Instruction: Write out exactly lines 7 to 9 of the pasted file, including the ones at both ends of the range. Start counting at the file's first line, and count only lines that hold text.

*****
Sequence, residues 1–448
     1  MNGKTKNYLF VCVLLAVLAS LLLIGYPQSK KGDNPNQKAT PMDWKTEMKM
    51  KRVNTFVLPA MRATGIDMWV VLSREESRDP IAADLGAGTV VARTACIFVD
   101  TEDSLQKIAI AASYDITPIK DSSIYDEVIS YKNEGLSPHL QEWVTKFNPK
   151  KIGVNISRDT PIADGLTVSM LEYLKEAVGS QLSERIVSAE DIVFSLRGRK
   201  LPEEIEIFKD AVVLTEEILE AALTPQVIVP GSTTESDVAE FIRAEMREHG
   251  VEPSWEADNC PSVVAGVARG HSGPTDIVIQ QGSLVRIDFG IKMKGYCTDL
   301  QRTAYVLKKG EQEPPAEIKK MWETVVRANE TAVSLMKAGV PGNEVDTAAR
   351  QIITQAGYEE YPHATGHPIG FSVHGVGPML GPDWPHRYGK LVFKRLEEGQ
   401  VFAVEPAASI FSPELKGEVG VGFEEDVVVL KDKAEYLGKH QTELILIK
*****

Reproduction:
   251  VEPSWEADNC PSVVAGVARG HSGPTDIVIQ QGSLVRIDFG IKMKGYCTDL
   301  QRTAYVLKKG EQEPPAEIKK MWETVVRANE TAVSLMKAGV PGNEVDTAAR
   351  QIITQAGYEE YPHATGHPIG FSVHGVGPML GPDWPHRYGK LVFKRLEEGQ